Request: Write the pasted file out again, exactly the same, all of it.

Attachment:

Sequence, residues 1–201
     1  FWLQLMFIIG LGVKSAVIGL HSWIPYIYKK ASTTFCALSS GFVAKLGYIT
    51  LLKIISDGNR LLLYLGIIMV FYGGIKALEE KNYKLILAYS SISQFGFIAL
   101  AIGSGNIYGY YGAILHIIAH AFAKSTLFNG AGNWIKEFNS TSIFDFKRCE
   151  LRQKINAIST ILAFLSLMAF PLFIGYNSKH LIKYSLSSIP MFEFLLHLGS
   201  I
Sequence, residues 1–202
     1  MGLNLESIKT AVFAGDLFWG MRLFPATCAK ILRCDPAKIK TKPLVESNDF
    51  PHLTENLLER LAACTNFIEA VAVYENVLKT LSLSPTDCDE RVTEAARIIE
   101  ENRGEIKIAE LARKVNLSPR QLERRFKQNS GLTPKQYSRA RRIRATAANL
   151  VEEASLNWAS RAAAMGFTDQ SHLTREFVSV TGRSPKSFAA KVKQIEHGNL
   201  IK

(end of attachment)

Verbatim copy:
Sequence, residues 1–201
     1  FWLQLMFIIG LGVKSAVIGL HSWIPYIYKK ASTTFCALSS GFVAKLGYIT
    51  LLKIISDGNR LLLYLGIIMV FYGGIKALEE KNYKLILAYS SISQFGFIAL
   101  AIGSGNIYGY YGAILHIIAH AFAKSTLFNG AGNWIKEFNS TSIFDFKRCE
   151  LRQKINAIST ILAFLSLMAF PLFIGYNSKH LIKYSLSSIP MFEFLLHLGS
   201  I
Sequence, residues 1–202
     1  MGLNLESIKT AVFAGDLFWG MRLFPATCAK ILRCDPAKIK TKPLVESNDF
    51  PHLTENLLER LAACTNFIEA VAVYENVLKT LSLSPTDCDE RVTEAARIIE
   101  ENRGEIKIAE LARKVNLSPR QLERRFKQNS GLTPKQYSRA RRIRATAANL
   151  VEEASLNWAS RAAAMGFTDQ SHLTREFVSV TGRSPKSFAA KVKQIEHGNL
   201  IK